Manufacturer claims on Amazon that the problem is "resolved"
Someone posted a question to the Amazon listing for this product that asked when it would be taken off the market as being insecure, and the manufacturer (or facsimile thereof) answered that the issue "has since resolved this with the updates done through the mobile app". Well, someone's lying here. Interesting also that Amazon has blocked any reviews of this thing except if you have already purchased it. They don't want the bad news spreading, obviously.
Let's Pope mass upgrade of Vatican Library data centre is blessed with some of that famed infallibility
Re: Not Me But...
> And how long did it take to get everything booted up after an orderly shutdown?
A few minutes at most, either to reload a 3705 or even to reboot an MVS or VM system. There were no Terabytes of disks to fsck, there were no Gigabytes of useless libraries to load, and remote data communications paths rarely had bandwidths greater than 9600bps. (You could monitor data trafffic by displaying it on a DataScope and watching it go by.) The size of everything was expressed in K or M. The machines were very slow but everything in the IPL path was hard coded assembler language purpose built to get things running. The mainframe OS and the 3705s were independently restarted as needed.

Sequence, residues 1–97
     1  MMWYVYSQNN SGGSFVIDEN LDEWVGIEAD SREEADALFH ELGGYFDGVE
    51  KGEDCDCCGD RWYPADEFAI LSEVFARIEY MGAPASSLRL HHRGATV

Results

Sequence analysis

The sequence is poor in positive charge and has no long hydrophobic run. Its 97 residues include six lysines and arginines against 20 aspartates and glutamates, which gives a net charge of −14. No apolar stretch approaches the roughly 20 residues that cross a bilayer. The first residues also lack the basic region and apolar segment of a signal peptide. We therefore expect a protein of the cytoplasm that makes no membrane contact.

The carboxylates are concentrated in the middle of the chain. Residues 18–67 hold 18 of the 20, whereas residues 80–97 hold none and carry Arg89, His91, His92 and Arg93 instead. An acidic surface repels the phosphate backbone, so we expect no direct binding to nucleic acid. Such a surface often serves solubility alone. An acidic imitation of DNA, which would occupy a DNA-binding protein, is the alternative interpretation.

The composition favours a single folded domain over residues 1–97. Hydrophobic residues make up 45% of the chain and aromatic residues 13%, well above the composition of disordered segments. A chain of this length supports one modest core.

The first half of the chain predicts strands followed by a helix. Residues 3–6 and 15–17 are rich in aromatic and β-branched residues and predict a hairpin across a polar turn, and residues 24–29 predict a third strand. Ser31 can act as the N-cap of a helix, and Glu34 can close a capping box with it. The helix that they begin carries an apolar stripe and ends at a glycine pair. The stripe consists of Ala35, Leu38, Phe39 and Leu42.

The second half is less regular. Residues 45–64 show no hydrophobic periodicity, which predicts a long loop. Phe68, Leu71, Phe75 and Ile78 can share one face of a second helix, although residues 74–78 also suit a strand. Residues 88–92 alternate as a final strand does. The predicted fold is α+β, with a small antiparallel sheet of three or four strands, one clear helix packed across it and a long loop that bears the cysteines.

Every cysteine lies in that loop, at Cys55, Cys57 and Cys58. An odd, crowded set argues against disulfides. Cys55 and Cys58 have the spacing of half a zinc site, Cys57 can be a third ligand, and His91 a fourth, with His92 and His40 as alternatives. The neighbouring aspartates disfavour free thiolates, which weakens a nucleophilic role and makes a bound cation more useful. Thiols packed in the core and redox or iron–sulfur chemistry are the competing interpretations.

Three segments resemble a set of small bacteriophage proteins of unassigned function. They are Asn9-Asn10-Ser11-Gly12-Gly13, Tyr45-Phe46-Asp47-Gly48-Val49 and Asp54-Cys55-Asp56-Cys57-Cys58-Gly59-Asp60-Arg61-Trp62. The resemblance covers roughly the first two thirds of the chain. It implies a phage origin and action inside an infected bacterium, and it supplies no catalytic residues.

Also, the 3705 was anything but a "simple beast". It was a computer with a complex OS in its own right, supporting async (aka Start/Stop), bisync (aka BSC, for older 3270 terminals), and NCP for native SNA devices like newer 3270 clusters. Larger shops had multiple person groups of systems programmers who were dedicated to the 3705s (we had about 10 scattered across various data centers). We had very imaginative names for them: I, J, K, etc. Cabling was huge and unwieldy, and duct space was at a premium in many areas.